There are no free lunches. Doing what is necessary to keep the climate from going out of control, with catastrophic consequences, will require more economic disruption than the IPCC acknowledges. But the price of continuing business as usual will be much higher. Our descendants are not likely to see short-term corporate profits a fair exchange for a less livable world.

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Tribunal finds Monsanto an abuser of human rights and environment

The corporation most determined to acquire control of the world’s food supply, a behemoth determined to bend the world’s farmers to its will, douse the world with pesticides and place genetically modified organisms on everyone’s dinner plate, Monsanto Company has long operated beyond effective control.

Although in no position to alter that status by itself, the International Monsanto Tribunal believes it could set an example of how international law could be used to counter the immense power of the company. The idea behind the tribunal, convened seven months ago, is that an international panel of legal professionals and practicing judges would provide victims and their legal counsel with arguments and legal grounds for further lawsuits in courts of law.

The tribunal, consisting of five international judges, has found Monsanto guilty. The tribunal is not a court of law and it has no power to enforce any judgment. The decision is a moral one, albeit grounded, the tribunal says, in international human rights and humanitarian law. The main conclusion drawn by the tribunal, which handed down its ruling on April 18, is this:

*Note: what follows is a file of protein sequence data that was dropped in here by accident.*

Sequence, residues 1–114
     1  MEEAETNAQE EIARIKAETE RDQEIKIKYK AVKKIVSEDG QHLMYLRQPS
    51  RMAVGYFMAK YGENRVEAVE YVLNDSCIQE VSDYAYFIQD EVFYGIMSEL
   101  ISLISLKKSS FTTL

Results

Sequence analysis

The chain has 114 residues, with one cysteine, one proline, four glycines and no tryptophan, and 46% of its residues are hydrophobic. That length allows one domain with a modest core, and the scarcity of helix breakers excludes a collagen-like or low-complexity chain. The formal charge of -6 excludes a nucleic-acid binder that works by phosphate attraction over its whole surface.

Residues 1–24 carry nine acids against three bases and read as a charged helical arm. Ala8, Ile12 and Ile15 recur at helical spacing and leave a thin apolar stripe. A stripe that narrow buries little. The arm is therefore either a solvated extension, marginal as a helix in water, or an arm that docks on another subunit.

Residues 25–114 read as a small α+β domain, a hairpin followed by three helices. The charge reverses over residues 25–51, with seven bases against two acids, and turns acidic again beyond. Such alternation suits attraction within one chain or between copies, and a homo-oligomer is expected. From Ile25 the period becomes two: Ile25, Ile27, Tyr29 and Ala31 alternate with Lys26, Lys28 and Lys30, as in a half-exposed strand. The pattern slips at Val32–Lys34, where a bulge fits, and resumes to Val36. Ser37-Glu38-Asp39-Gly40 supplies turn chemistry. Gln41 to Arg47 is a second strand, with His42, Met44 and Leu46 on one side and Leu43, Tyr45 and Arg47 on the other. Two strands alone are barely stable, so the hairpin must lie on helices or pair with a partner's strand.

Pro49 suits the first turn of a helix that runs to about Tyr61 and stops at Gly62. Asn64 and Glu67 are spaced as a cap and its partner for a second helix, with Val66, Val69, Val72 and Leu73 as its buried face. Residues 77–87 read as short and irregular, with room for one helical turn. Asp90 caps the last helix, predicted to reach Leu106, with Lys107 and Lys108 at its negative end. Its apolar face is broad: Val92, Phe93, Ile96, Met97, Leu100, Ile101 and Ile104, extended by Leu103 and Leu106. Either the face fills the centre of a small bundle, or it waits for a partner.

“The judges conclude that Monsanto has engaged in practices which have negatively impacted the right to a healthy environment, the right to food and the right to health. On top of that Monsanto’s conduct is negatively affecting the right to freedom indispensable for scientific research. … International law should be improved for better protection of the environment and include the crime of ecocide. The Tribunal concludes that if such a crime of ecocide were recognized in international criminal law, the activities of Monsanto could possibly constitute a crime of ecocide.”

Those are certainly damning words. But they are based on interpretations of customary international law, specifically the International Covenant on Civil and Political Rights of December 1966; the International Covenant on Economic, Social and Cultural Rights of December 1966; the Convention on the Rights of the Child of November 1989; and the Convention on the Elimination of All Forms of Discrimination Against Women of December 1979. Each of these treaties has been signed by more than 160 countries.

Monsanto was given the opportunity to participate in the tribunal, which took place in The Hague, but declined to do so. (In response to the tribunal’s decision, a Monsanto spokeswoman said the company “stand[s] committed to real dialogue with those who are genuinely interested in sustainable agriculture; human rights to food, health and a safe environment; who we are and what we do. The original event was staged by a select group of anti-agriculture technology and anti-Monsanto critics who played organizers, judge and jury. It denied existing scientific evidence and judicial outcomes on several topics; and was organized with a pre-determined outcomes. The opinion — characterized by the Tribunal panel itself as advisory only — was the anticipated next communication from this group.”)